Monday, September 29, 2003

Undergrad Schools

"Want to go to Harvard Law?" That's the title of this interesting article from the Wall Street Journal on which colleges do best at placing their students in top-notch grad schools. I was particularly interested in what the article had to say about state schools:
But what about state schools? Parents have always fretted over whether sending kids to less-expensive schools would hurt their postgraduate chances. According to our survey, only Michigan made the top 30, and that's with the help of Michigan Law, one of our 15 elites, taking more than five dozen Wolverines in this fall's class. Among the other well-known names, Virginia was 33, Berkeley came in at 41 and UCLA was 61. "They seem a little reluctant to visit," says advisor Glenn Cummings at the University of Virginia, who says three top law schools he invited to come meet students this year never got back to him.

State schools argue that students can improve their chances by enrolling in their honors programs, the "college within a college" option at many top public institutions. Indeed, grad-school officials said beefier course lineups and more rigorous requirements at these honors programs can score points on an application. (Not always: One Harvard Med official told us flat out, "Honors doesn't matter that much to me.") In many cases, the honors colleges don't track how their kids do, though that's starting to change as families wake up to the feeder-school issue. The University of Washington (No. 142) plans to start, partly in response to parent concerns.

Still, even if most people don't realize it, there's a bias in favor of some schools that is practically built into the system. At law schools, there's a number called the LCM -- the LSAT College Mean, which tries to identify the students attending the "tougher" colleges (usually Ivies and small liberal-arts schools). With each new group of applicants, it evaluates schools based on their average LSAT test scores; someone with so-so grades from a high-LCM school can wind up looking better than a 4.0 student at a lesser college. Besides, many admissions officers are Ivy alums themselves, says Mark Meyerrose at Admissions Consultants Inc. "They're biased toward elitist institutions because that's where they went to school," he says.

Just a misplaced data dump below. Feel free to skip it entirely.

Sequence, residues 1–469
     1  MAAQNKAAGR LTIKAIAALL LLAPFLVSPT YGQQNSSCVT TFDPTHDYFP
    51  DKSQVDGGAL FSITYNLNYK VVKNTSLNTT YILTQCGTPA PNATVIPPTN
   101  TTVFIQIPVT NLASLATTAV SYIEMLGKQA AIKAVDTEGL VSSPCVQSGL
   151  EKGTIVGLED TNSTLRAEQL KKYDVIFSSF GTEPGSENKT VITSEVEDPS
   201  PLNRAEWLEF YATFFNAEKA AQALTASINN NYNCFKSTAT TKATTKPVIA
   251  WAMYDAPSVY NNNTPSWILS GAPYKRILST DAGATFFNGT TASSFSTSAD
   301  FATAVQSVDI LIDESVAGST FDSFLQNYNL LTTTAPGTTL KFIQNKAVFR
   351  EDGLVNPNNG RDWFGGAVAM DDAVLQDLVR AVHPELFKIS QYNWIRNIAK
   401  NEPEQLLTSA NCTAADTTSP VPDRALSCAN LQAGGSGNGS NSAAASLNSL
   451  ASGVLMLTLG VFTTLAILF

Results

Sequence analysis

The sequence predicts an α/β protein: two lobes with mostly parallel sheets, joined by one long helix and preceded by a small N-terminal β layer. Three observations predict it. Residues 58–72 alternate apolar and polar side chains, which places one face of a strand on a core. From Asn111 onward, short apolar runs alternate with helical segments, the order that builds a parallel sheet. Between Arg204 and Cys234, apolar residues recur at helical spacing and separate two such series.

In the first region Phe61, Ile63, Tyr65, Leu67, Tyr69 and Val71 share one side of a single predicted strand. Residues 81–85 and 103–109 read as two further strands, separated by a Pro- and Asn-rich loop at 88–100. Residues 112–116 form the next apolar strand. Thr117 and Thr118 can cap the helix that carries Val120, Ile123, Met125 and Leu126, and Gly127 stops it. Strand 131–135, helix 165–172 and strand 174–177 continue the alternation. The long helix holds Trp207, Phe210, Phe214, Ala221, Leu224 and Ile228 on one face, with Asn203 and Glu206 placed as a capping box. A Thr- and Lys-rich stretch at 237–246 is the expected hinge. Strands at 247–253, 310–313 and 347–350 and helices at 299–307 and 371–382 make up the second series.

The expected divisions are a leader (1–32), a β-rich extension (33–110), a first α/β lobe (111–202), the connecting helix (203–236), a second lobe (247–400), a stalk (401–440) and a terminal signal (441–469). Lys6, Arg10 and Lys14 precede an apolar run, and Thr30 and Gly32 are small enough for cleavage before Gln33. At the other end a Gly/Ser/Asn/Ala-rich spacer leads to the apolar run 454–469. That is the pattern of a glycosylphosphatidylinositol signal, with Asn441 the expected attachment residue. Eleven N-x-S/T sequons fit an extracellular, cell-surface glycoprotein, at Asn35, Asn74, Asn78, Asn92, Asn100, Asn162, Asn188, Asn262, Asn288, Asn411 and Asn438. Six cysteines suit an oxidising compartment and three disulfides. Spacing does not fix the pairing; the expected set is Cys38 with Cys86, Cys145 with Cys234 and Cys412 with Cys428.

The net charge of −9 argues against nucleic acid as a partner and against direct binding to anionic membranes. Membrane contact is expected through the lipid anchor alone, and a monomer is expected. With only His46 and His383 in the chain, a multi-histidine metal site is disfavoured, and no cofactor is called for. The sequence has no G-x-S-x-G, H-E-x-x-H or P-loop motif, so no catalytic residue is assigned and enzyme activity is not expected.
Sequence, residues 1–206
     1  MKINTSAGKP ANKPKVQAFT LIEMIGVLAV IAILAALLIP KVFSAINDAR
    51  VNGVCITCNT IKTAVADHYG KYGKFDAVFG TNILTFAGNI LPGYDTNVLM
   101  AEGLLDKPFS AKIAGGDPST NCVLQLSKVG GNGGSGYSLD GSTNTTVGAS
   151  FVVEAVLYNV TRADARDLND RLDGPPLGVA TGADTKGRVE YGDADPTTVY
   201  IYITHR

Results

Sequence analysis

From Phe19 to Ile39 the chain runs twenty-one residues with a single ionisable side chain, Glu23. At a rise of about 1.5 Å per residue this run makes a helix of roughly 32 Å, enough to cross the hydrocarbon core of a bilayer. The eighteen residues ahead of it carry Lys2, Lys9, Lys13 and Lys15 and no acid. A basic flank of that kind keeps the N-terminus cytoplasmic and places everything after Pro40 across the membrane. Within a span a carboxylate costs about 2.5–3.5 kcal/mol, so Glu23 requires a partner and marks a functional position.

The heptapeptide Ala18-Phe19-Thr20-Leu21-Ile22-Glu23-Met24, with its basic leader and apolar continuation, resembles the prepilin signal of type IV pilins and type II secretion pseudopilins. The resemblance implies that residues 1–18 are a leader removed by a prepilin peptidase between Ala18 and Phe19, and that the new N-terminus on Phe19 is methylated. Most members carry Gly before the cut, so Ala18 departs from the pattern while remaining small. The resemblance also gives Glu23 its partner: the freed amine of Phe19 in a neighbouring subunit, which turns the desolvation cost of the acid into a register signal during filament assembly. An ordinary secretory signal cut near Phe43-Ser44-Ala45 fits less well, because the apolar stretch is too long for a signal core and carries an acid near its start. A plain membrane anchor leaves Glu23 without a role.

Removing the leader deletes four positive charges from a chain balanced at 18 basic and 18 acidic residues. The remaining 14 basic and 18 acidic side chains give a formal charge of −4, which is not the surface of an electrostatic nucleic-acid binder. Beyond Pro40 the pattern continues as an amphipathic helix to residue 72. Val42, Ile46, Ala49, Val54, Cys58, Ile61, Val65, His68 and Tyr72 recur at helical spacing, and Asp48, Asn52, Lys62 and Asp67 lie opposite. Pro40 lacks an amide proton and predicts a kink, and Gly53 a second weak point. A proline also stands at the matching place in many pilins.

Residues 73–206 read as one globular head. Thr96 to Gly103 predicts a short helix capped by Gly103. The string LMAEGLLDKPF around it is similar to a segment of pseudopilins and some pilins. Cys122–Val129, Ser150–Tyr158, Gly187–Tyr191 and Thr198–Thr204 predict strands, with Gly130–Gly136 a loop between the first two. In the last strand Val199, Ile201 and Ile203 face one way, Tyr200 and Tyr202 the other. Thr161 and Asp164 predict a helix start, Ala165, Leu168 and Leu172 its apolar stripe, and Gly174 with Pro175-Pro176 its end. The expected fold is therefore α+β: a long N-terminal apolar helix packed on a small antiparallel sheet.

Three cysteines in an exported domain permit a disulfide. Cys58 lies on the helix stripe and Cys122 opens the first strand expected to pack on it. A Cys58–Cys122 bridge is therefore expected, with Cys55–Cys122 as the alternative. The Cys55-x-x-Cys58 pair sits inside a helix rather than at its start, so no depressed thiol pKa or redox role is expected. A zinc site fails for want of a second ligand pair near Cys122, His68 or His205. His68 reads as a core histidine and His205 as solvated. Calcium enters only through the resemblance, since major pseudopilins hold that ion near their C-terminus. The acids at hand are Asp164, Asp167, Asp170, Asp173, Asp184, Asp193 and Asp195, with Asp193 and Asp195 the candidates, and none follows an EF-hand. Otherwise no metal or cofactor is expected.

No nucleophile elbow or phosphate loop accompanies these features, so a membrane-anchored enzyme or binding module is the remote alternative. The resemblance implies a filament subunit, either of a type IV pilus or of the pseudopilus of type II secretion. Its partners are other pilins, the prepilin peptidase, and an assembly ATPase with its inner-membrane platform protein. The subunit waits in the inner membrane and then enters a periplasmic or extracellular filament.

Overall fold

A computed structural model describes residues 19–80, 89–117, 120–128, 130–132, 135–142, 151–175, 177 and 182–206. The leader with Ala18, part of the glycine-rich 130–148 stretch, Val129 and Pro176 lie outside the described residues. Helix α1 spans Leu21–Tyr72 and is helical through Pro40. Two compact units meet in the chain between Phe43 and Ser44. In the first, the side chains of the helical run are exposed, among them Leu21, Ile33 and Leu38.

I do suspect that there's a bias against state schools at places like Harvard Law. I graduated from the University of Georgia with a 4.0 GPA and a 179 LSAT score, well into the 99.9th percentile. But Harvard initially put me on the "Hold" list for several weeks, meaning that they weren't sure whether to admit me or not. I got my admissions letter from Harvard very late in the process, after I had already sent a deposit to another school. I'm still a bit miffed by that, given how strapped for money I was at the time.

I suspect, though I can't prove, that someone at Harvard Law must have been at least a little bit biased against my state school background. Which I find richly ironic, given that my experience in the Honors program at the University of Georgia was more intellectually stimulating than my experience at Harvard Law, and my Honors classmates and friends were -- on average -- more intellectually curious, more open-minded, and more interested in discussing ideas than were my Harvard Law classmates. (Just to be clear: I'm comparing the average student at HLS with the average Honors student at Georgia. There are lots of exceptions on both sides, to be sure, and a huge amount of overlap.)

I'll never forget the time when my best friend from college came up to visit me at Harvard. He was a recreational therapy major at Georgia, and had no training in law whatsoever. He wanted to see what a Harvard Law class was like, so I took him to my Fed Courts class (with Prof. Richard Fallon). Fed Courts is known as one of the most difficult classes in law school, by the way, and we were in the middle of the semester, so I thought that there was no way my friend would get anything out of the class.

But I was in for a surprise. At one point, a student towards the front of the classroom made a comment that showed he had misinterpreted a case. I recognized the error -- and so did my friend. He leaned over to me and whispered a couple of sentences that refuted the student's comment. I was floored that my friend, who had never read a case or been inside a law classroom before, could have a better grasp of Fed Courts doctrines than a Harvard 3L.

But I should have known better -- my friend was lightning quick at picking up ideas and running with them, even if on paper he didn't have the statistics or resume of a typical Harvard Law student. I wish the people on the admissions committee could have taken note of that.


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